It was in 1833 that Samuel McClure was married to Susannah Furrow, the ceremony taking place on the 10th of January. Mrs. McClure was a daughter of James G. Furrow, of Fort Laramie, Ohio. After his marriage Mr. McClure remained in Wabash county until February, 1834, when he removed to Marion, in Grant county. Here he rented store room from his father and engaged in the mercantile business, trading with both the white settlers and the Indians, but in particular carrying on trading operations with the Meshingomesia band. He at this time had very little capital and it was only through the kindness of Jacob and Abel Furrow that he was able to obtain his first stock of goods from New York City. These two men were merchants in Piqua, Ohio, and were uncles of his wife's. It was shortly after he had opened his store and when he had just about exhausted his first stock of goods that he paid a visit to Dayton, Ohio, where he met Mr. Phillips, a wholesale merchant of that city, and from him obtained another small stock of goods. It was in this way that he struggled forward, but after a time prosperity began to come to him, and this was chiefly through his strict adherence to the principles of honesty and square dealing. In Indian trading at that time there were untold opportunities to cheat the red men, but Mr. McClure was cast in a mold in which dishonesty was utterly impossible to his nature. He consequently won their implicit trust and at the same time the confidence and friendship of the white settlers. It was not long before his creditors discovered that he paid his debts promptly and he was soon established on a solid business basis. He was engaged in business along mercantile lines in the city of Marion from 1834 to 1880 and during this time his business grew steadily until he became one of the wealthiest men of this section, very influential in all matters of public interest.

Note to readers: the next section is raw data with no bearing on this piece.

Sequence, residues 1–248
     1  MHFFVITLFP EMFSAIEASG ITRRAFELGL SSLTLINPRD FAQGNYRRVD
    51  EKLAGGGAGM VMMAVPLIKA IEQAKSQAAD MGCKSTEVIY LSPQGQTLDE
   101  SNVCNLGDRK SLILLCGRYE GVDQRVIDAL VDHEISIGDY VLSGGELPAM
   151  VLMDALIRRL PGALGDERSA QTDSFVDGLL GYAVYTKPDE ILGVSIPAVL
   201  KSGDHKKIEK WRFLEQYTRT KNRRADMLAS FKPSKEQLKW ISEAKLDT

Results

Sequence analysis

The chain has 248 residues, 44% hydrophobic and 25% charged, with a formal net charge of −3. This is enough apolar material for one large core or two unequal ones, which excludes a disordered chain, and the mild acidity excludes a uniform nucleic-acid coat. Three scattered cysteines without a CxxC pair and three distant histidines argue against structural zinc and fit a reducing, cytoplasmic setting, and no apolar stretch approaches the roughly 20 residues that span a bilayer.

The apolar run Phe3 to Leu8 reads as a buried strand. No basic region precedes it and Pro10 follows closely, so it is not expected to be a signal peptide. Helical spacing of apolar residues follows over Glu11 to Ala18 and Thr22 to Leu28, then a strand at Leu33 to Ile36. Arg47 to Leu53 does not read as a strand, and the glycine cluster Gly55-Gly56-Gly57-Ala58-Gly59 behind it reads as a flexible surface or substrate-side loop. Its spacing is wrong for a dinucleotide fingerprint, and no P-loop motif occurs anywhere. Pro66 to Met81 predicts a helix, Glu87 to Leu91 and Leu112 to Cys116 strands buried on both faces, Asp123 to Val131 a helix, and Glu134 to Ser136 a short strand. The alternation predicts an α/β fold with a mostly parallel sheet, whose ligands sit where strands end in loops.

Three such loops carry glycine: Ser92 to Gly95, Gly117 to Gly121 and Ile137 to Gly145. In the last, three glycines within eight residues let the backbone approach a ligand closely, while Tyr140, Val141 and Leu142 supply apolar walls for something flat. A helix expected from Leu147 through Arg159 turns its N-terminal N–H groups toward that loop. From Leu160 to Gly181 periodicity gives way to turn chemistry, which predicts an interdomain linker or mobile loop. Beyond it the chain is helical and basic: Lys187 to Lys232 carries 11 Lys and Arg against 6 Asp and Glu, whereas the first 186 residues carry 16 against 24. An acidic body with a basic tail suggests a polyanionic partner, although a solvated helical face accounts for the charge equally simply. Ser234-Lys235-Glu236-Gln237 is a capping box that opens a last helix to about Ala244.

It was for his interest in the affairs of the Indians that Mr. McClure was best known in the community, for during all these years his activity, engendered by his acquaintance with the Indians during his early years as a trader, was steadily directed toward bettering their conditions and seeing that they received fair play. He early became intimately acquainted with the business affairs of the Indians of the surrounding tribes and in all transactions which they had with the white people he became their chief counselor. He had their implicit confidence and in time came to have almost entire charge of the business relations of all the surrounding tribes. They never had any occasion to regret this trust which they placed in him, ever finding him a wise and able adviser. Several times he went to Washington to intercede with the government in their behalf. Assisted by Mr. Miller, he was instrumental in securing the payment of their annuity at Peru, Indiana, and in 1853, with the assistance of the same gentleman, and accompanied by a delegation of Miamis, he succeeded in having a census taken of all the Miami Indians. He also assisted in making the treaty of 1854, and in securing the legislation for the partition of the Meshingomesia reservation in 1873, and in every way manifested the deepest interest in the affairs of the Indians.< P>From one of the poorest men to one of the wealthiest in a community is no small rise, and this is what Mr. McClure did. He at one time owned over five hundred acres of land and much valuable city realty in Marion and Toledo, Ohio. However, many men become wealthy, and that is not the reason the citizens of Marion honor his memory, but the fact that in gaining his wealth he used only clean, upright business methods and the good name which he left is a priceless heritage to his sons. He died in 1889 at the age of eighty-two. He and his wife became the parents of the following children: James M., Mary A., Eliza J., Rosetta M., Louis A., and Erastus P., the latter being elsewhere mentioned in this volume. Eliza J. and Erastus P., are the only surviving children.